Low tire pressure is one of the leading causes behind tire blow-outs and reduced gas mileage. If your car’s tires are not inflated to the recommended air pressure level, there is an increased risk of overheating.
At high speeds this can be very dangerous since it could lead to a chemical breakdown of the tires. At this point, tire blowouts can happen, and it could impact your ability to control and maneuver your vehicle – putting you and other drivers on the road at risk.
What is Tire Pressure?
Simply put, tire pressure is the measure of atmospheric pressure inside a tire. The pressure inside a tire is usually measured or rated in pounds per square inch (psi).
Most people fail to distinguish between the tire pressure and the maximum air pressure allowed. The latter is what is displayed or listed on the tires.
Where Can I Find the Correct Tire Pressure for my Car Tires?
If you want to find the recommended air pressure for your car tires, the best place to find that information is your driver’s manual.
On top of this, it could also be listed either in the glove compartment door or you can find the recommended tire pressure on the door pillar on the driver’s side.
If you take your car for regular maintenance, your car technician will use specific pressure gauges to get an accurate reading. In fact, most car service centers do a routine tire pressure check during a regular service call.
What are the Dangers of Driving with Low-Pressure Tires?
To know how driving with low pressure tire puts you at risk, consider the following.
Risk of Tire Blowout
A tire blowout is not only dangerous, but it can be traumatic because you have no control over your car. Here’s what happens:
- If your tire pressure falls below the recommended level, it can lead to the tire sidewalls flexing or expanding.
- When this happens excessive amounts of heat get generated within the tire.
- If the heat generated inside the tires reaches a tipping point, it can lead to tread separation which in turn can cause a tire blowout.
Controlling the Car Becomes Difficult
- Low tire pressure can cause the sidewalls of the tire to flex.
- However, the extent to which the sidewall flexes increases while navigating a turn or when applying brakes.
- This can impact traction and cause both the tires as well as the car to become unstable.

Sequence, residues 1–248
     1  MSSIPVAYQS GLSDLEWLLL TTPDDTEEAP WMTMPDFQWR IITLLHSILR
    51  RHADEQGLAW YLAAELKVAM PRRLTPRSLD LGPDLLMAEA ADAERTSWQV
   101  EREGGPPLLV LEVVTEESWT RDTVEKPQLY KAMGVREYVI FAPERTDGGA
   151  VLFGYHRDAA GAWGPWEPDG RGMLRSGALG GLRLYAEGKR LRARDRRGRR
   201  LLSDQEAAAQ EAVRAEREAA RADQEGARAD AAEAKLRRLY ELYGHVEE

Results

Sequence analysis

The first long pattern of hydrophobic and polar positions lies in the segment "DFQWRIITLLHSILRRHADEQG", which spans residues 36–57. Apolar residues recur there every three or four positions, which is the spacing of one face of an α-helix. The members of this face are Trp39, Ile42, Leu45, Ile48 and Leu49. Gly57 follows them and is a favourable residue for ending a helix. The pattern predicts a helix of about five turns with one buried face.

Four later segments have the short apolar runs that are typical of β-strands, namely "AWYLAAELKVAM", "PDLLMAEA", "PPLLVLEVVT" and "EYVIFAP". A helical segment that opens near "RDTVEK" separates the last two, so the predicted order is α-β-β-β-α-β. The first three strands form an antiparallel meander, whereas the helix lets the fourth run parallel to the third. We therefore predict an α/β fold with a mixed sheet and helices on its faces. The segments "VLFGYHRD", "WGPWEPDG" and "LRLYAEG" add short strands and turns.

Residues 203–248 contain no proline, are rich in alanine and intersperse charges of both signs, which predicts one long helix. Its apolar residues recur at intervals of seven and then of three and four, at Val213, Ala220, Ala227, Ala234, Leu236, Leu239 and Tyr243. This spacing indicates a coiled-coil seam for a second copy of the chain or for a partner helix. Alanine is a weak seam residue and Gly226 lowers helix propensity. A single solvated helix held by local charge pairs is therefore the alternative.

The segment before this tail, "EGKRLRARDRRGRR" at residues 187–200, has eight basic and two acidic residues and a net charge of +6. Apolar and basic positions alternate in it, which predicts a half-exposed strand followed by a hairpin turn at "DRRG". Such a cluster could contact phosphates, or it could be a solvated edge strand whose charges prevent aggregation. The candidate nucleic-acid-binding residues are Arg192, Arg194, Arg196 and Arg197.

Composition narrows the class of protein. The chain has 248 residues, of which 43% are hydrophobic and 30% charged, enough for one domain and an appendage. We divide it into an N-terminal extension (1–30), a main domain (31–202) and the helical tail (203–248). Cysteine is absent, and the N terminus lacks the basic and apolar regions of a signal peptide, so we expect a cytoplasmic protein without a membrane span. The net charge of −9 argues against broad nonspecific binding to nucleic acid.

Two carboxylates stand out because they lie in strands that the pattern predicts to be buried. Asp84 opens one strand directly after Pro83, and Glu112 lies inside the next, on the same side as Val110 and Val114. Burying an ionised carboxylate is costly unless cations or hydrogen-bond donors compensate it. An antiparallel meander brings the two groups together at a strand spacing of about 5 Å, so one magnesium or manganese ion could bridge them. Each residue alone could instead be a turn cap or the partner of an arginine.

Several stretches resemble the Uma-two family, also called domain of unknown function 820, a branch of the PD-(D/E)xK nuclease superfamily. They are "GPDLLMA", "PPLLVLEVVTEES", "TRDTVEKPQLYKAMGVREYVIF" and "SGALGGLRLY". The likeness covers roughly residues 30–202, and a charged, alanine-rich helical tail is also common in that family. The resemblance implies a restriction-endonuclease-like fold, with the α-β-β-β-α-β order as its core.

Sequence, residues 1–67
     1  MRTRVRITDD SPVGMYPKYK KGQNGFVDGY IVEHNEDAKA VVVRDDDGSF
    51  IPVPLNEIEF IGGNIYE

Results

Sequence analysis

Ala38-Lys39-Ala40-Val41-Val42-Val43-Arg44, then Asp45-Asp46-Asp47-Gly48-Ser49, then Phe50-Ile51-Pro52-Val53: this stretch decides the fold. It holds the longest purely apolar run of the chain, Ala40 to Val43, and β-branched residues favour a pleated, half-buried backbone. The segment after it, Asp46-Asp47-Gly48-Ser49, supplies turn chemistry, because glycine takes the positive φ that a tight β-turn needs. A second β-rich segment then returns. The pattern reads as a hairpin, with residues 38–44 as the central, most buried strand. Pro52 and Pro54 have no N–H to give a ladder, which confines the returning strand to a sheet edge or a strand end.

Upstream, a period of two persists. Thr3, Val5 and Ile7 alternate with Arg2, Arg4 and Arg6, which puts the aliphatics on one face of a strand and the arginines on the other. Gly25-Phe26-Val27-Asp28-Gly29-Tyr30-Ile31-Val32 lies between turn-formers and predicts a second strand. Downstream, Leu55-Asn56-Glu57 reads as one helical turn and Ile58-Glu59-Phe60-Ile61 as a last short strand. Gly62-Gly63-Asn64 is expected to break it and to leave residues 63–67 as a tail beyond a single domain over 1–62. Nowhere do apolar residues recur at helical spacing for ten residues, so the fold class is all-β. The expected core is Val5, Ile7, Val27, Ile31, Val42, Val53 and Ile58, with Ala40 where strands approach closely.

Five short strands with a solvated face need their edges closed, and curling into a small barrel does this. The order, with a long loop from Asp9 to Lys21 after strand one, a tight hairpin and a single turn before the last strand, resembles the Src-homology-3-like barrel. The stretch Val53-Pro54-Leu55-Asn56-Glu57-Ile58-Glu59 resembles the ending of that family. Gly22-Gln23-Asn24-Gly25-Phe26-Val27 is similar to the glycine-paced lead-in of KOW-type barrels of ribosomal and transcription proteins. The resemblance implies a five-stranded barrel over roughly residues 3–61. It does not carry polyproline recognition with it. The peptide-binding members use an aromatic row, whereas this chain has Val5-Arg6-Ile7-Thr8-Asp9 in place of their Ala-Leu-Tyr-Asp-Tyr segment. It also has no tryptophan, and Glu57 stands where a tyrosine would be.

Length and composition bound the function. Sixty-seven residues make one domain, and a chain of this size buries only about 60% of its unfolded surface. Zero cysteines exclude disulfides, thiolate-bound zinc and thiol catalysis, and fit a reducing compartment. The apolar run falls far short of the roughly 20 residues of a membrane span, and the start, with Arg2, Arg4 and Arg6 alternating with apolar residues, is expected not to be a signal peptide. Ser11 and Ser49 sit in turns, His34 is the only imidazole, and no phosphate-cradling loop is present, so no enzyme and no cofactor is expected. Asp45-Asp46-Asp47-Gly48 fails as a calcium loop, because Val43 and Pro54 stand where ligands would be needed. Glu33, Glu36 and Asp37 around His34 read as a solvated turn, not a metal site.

- When this happens, you will find that your steering response time is affected and the braking distance for the car increases.
- If the stability of your tires and the braking is impacted, then it increases the risk for accidents and crashes.
7 Important Things You Need to Know About Checking Tire Pressure
- Pencil-style gauges might be popular; however, they don’t often give accurate readings of tire pressure. It is better to use digital or analog gauges which offer a more relatively accurate reading.
- Make sure you check the tire pressure when the tire is cold or when the tire is at normal air temperature.
- Make sure you check the pressure for all four tires at the same time – keep in mind that several factors impact your tire pressure which means that it is not necessary for all four tires to give the same reading at one time.
- Radial tires tend to look the same regardless of whether they are over inflated or under inflated. To check the pressure of radial tires, use a gauge and be sure to check the pressure at least once a month.
- We recommend you check your tire pressure at least once a month or at least once every two months. In addition, it is best to have your tires rotated every 5,000 to 10,000 miles to help equalize the tread and to increase the longevity of your car tires.
- While checking the pressure for all four tires, make sure you check the spare tire as well.
- If you plan on travelling long distance, make sure you have your car tire pressure checked. You don’t want to be stranded on the side of the road during an Arizona summer.
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